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Bobbie The Weather Girl

Any American stationed in Vietnam in 1967-1969 will recall Bobbie the Weather Girl, going away the most popular feature of American Forces Vietnam Network broadcasts.  Bobbie Keith was an army brat, the daughter of an Army intelligence officer in Vietnam.  Twenty years old in 67 she was a clerk for the Agency for International Development in Vietnam.  Chosen almost at random to be the Weathergirl, her good looks and a flare for comedy made her an instant hit.  A patriot, in her spare time on weekends she would visit combat units her fans invited her to, often coming under enemy fire.  To homesick grunts she was the epitome of the girl next door and was cheered wherever she went.  From an interview in 2009:

Clearly you were you a sex symbol, right?

I never thought of myself as being a sex symbol. I was treated more like the girl the guys left behind. I wore White Shoulders perfume back in those days, and the guys would say, “Oh my girlfriend wears that… that reminds me of my girlfriend.”  I was reminding the guys of their loved ones they left behind. I don’t think anyone ever treated me as a sex symbol. No. Even when they did the pin-ups. I wasn’t a movie star. I wasn’t Raquel Welch. I wasn’t Hollywood. I didn’t have any talents. I was just there, an American girl. It could have been anybody. There’s a way to conduct yourself and a way not to. And I think because I was on military bases as a brat growing up I could recognize and deal with this very chauvinistic organization full of testosterone.

Did you ever feel exploited or used?

No, never. The guys at the TV station treated me with a lot of respect. They were so cute. I think of all of those people as my big brothers. They took good care of me. When you treat people the way they want to be treated, if you treat somebody in that environment like “okay you’re my big brother,” then they act like your big brother, they become your big brother. They become your siblings. I never had a problem.

Were you ever criticized for doing the show?

Well, yeah, there were a couple of occasions, like when they painted the temperatures on my body. I don’t think any of us thought of it as being sexist, as even being cheeky. I didn’t know it at the time, but it was a take-off of Goldie Hawn on the TV show Laugh-In. Somebody—I think in Ambassador Ellsworth Bunker’s office—took offense, so they put an end to that. Maybe if I had seen the show on TV I would have thought so too, but we didn’t think of it that way.

 

Bobbie was and is a volunteer.  She never received a cent for her time as the Weather Girl or her hundreds of trips to the field.  She volunteers today with Vietnam vet groups and speaks to school classes containing the grandkids of the men she served with.  The vets she entertained will never forget her.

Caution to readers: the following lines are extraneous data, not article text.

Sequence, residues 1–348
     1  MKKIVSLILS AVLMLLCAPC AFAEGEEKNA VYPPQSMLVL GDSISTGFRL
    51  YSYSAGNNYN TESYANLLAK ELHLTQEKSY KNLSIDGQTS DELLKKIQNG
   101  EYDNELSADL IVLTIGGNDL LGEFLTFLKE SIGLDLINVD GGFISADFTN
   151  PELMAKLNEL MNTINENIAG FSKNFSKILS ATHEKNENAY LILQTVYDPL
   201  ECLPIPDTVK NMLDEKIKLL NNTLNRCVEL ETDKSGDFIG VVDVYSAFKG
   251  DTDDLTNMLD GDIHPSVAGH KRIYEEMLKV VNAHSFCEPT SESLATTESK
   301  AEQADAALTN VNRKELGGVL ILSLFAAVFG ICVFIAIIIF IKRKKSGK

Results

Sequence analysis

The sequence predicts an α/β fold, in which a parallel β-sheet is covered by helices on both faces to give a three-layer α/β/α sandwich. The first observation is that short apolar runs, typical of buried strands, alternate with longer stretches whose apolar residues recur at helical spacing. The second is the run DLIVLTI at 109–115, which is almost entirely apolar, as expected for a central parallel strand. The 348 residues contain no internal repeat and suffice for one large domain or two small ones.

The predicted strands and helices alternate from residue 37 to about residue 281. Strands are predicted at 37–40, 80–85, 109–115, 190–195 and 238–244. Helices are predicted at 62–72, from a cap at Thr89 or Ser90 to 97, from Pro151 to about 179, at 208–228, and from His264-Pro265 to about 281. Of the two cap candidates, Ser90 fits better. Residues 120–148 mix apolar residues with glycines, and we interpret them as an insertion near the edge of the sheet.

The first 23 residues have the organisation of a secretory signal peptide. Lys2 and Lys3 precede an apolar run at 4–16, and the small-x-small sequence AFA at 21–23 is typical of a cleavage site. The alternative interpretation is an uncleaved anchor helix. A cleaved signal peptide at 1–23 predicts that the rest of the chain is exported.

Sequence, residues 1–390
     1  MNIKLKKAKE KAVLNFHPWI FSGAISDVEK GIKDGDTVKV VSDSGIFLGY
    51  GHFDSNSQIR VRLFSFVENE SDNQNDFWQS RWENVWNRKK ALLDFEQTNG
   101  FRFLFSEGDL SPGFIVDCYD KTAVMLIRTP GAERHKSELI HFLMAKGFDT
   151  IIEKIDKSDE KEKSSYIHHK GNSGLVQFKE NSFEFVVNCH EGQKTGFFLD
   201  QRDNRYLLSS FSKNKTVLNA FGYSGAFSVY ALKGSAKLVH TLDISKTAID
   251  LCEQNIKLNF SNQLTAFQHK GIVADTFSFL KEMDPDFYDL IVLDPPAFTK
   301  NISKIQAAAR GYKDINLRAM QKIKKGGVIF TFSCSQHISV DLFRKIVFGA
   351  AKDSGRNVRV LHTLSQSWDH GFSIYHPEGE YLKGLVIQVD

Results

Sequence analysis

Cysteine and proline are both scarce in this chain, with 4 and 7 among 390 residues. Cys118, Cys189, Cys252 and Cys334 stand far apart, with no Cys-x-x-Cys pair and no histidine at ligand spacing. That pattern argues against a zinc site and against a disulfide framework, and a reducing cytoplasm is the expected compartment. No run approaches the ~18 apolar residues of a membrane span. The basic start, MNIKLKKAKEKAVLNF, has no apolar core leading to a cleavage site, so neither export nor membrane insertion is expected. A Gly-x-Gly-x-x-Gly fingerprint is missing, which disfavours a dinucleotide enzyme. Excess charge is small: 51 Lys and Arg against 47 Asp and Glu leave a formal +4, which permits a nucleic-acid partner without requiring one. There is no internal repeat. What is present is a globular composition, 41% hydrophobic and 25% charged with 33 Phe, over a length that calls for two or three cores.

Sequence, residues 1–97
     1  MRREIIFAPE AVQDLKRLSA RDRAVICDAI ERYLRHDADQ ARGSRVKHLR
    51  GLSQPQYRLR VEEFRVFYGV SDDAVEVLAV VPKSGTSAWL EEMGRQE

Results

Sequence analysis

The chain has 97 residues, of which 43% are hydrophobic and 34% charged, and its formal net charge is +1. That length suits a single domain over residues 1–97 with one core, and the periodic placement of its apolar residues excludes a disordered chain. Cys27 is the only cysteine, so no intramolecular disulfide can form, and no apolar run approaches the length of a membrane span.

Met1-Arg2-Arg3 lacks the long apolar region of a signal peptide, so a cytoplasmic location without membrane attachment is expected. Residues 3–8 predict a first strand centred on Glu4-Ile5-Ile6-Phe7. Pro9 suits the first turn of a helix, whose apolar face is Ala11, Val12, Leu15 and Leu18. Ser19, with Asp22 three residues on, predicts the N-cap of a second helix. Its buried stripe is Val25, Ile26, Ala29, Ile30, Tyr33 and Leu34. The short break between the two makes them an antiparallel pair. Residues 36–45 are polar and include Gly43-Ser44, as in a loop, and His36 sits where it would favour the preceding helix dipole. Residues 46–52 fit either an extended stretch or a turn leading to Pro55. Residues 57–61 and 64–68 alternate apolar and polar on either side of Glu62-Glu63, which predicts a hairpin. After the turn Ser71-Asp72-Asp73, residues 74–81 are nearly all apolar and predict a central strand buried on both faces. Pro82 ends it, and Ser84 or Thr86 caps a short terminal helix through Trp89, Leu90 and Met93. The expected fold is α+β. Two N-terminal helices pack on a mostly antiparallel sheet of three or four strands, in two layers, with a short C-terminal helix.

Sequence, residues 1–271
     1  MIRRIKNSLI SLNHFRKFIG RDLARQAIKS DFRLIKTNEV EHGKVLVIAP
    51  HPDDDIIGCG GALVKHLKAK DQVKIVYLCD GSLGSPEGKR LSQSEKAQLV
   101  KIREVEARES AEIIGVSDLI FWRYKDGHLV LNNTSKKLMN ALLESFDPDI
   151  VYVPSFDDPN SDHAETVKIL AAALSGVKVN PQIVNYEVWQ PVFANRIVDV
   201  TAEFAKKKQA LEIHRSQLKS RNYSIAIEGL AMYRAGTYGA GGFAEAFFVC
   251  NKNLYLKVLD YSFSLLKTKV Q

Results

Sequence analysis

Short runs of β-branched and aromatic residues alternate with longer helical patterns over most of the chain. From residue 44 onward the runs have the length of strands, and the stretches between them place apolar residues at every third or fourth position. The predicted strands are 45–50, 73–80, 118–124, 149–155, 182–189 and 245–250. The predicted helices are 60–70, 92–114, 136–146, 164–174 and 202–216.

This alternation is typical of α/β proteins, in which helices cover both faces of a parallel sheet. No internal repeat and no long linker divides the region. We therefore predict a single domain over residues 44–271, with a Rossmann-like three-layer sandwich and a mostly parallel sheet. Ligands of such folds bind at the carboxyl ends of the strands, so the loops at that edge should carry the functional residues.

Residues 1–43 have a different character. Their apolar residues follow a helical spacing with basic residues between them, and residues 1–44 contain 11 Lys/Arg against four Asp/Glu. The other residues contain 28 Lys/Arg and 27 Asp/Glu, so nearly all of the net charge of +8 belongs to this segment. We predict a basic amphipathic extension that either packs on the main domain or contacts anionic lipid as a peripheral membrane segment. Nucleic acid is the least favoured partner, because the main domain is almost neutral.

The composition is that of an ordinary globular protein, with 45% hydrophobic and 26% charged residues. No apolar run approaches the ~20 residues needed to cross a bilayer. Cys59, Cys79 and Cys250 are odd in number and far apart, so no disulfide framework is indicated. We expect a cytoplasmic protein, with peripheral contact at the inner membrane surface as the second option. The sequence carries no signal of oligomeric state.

Bobbie the Weather Girl visiting the 199th Light Infantry

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Donald R. McClarey

Cradle Catholic. Active in the pro-life movement since 1973. Father of three and happily married for 35 years. Small town lawyer and amateur historian. Former president of the board of directors of the local crisis pregnancy center for a decade.

11 Comments

  1. WoW: That woman has gorgeous legs. I’d be jealous but I have accepted that fact that I am bowlegged. This woman’s gorgeous legs carry a great person and a truly wonderful mind.

  2. Ms. De Voe writes: “WoW: That woman has gorgeous legs. I’d be jealous but I have accepted that fact that I am bowlegged….”
    .
    Ms. De Voe, you are a hysterical. I am still laughing. Thanks for the humor.

  3. That girl does have sexy legs, though my fiancee’s are superior. One can be sexy without being trampy or whorish.

    By the way, it is perfectly acceptable to admire God’s handiwork in the design of the female body without salivating and dwelling on lust. I therefore like this girl.

  4. Ms. De Voe…
    .
    I love your unexpected and funny comment about yourself as a bowlegged lady.
    .
    The word “Slainte” is pronounced (Slantcha); it is a Gaelic Irish term which means “Cheers” or “Health”. If one were to toast another, one might use this while clicking wine filled glasses. I believe it is also used in Scotland and other parts of the British Isles where the various Gaelic languages are spoken. It just makes me smile when I use it because it reminds me of happiness and parties and family gatherings and friendship and great times; its fun. Thank you for the compliment.

  5. slainte: It is a beautiful word and I will be using it and your explanation.
    “I love your unexpected and funny comment about yourself as a bowlegged lady.” I married a man with beautiful legs and my five children have beautiful legs. The children said I ought to have my head examined, but it did not help.
    May God bless you.

  6. “Another lady fondly remembered by Vietnam veterans is actress Ann-Margaret, who calls them “my gentlemen” to this day:”
    This is nice to know about Ann-Margaret.

  7. Thanks for this post. It is nice to be reminded of a time which, for all the turmoil and change, still was innocent and sweet in many ways. The media presentations about the young adults of those days is often an unbalanced caricature- focusing on the the Bobby Seales of the world, instead of the Bobbie Keiths. I wonder how much of what has happened in this world was a response to script handed us by the various media… telling us what to believe about ourselves.

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